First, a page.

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Wheeler goes wire-to-wire for Forrest Wood Cup win
Jacob Wheeler hoists his trophy after winning the FLW Tour Forrest Wood Cup on Sunday at the Gwinnett Convention Center. The tournament was held on Lake Lanier. - photo by For The Times

DULUTH — After Jacob Wheeler won the 2011 Bass Fishing League All-American, the FLW Tour’s championship event for weekend anglers, he stated his goal was to someday win the Forrest Wood Cup, the world championship of bass fishing.

In 2012 Wheeler made the leap to the FLW Tour to pursue his goal of hoisting the Cup. And in storybook fashion Sunday at the Forrest Wood Cup on Lake Lanier, Wheeler’s five bass worth 11 pounds, 15 ounces gave him a total four-day weight of 60 pounds, 1 ounce as well as a wire-to-wire win and $500,000.

“This was just an awesome event,” said the 21-year-old Wheeler, who became the youngest angler to win the Forrest Wood Cup. “God just really blessed me this whole event. It was just unbelievable, and this is the best day of my life.”

Although it may have turned out well for him, Wheeler said it wasn’t an easy road to a championship title.
“It was a struggle today,” Wheeler said. “I had six keeper bites all day. Every time I sat down to run to the next spot I might have been jittery, but I realized I had to stay focused and fish at 100 percent every day and capitalize on every single bite.”

Wheeler said he targeted fish on the Chattahoochee River using a variety of baits including a Rapala X-Rap Prop, flipping a Trigger X Flippin’ Tube and a Chatterbait-style bait. Wheeler said he caught fish Sunday by flipping creature baits, but two of his biggest fell for a prop bait.

“The second day I caught my two biggest ones on the X-Rap Prop,” Wheeler said. “The fish were getting accustomed to seeing bluegill-looking prop baits out there, but the elongated X-Rap Prop really showed them something different. Those fish really seemed to like that the second day, for sure.”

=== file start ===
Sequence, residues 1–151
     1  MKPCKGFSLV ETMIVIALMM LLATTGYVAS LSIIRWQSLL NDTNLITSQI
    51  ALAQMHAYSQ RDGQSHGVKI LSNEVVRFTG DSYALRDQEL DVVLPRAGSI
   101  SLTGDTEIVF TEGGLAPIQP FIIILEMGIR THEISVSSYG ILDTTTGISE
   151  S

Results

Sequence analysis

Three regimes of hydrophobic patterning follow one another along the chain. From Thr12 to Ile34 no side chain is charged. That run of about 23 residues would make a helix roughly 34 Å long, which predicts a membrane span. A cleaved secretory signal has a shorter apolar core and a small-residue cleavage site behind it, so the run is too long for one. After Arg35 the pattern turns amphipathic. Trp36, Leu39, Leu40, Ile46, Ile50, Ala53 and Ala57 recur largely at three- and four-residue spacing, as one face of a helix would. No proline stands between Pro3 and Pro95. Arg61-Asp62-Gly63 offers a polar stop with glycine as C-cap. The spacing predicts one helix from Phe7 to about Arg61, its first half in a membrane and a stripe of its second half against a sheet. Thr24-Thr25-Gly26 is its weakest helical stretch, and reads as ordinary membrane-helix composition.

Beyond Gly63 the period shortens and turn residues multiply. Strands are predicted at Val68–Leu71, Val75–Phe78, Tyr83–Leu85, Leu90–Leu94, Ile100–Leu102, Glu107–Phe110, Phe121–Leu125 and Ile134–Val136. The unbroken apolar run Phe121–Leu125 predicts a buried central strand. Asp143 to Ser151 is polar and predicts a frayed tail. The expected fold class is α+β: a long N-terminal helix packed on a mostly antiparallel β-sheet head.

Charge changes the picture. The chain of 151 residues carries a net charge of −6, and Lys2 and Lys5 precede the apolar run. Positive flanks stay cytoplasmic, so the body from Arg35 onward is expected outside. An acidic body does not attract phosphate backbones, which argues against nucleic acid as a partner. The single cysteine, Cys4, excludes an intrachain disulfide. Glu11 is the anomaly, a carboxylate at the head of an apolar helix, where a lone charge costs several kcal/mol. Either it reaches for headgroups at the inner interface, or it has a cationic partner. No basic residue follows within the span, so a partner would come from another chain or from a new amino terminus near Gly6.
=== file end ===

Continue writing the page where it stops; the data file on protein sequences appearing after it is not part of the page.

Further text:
Wheeler said he fished the river to catch a limit, then made an hour-long run to an area near Brown’s Bridge to switch to fishing bluegill beds for larger fish.

“A lot of people fish better when they have five fish in their livewell,” Wheeler said. “They just fish better and make better decisions, and you don’t have that pressure of worrying about that other fish on your back.”

Wheeler began fishing the BFL in 2010, qualified for the All-American championship event his first season, and won it in 2011. He moved up to the next level of competition, the EverStart Series in 2011 and advanced to the FLW Tour in 2012.

“I want to tell all of the young fishermen out there who are trying to fish professionally that it can happen,” Wheeler said. “Just how bad do you want it? And what are you willing to sacrifice to get it? You can do anything you put your mind to. You just have to work really hard. The BFL (circuit) was huge. I wouldn’t be here if it wasn’t for the BFL.

“I’m truly blessed,” Wheeler added. “It’s an honor to be sitting in this (winner’s) seat right now at this age. In 100 years I never would have thought I could be sitting here next to the Forrest Wood Cup.”

Straight Talk pro Scott Canterbury of Springville, Ala., posted a total weight of 52 pounds, 12 ounces to claim second place. Canterbury won $100,000 for his efforts.

Overall there were 48 bass weighing 110 pounds, 15 ounces caught by pros Sunday. The catch included nine five-bass limits.

Timothy Dearing of Loudon, Tenn., won the co-angler division and $50,000 Saturday with a three-day total of 10 bass weighing 22 pounds, 13 ounces followed by Josh Smith of Hamilton, Ohio, in second place with seven bass weighing 20-4 worth $15,000.

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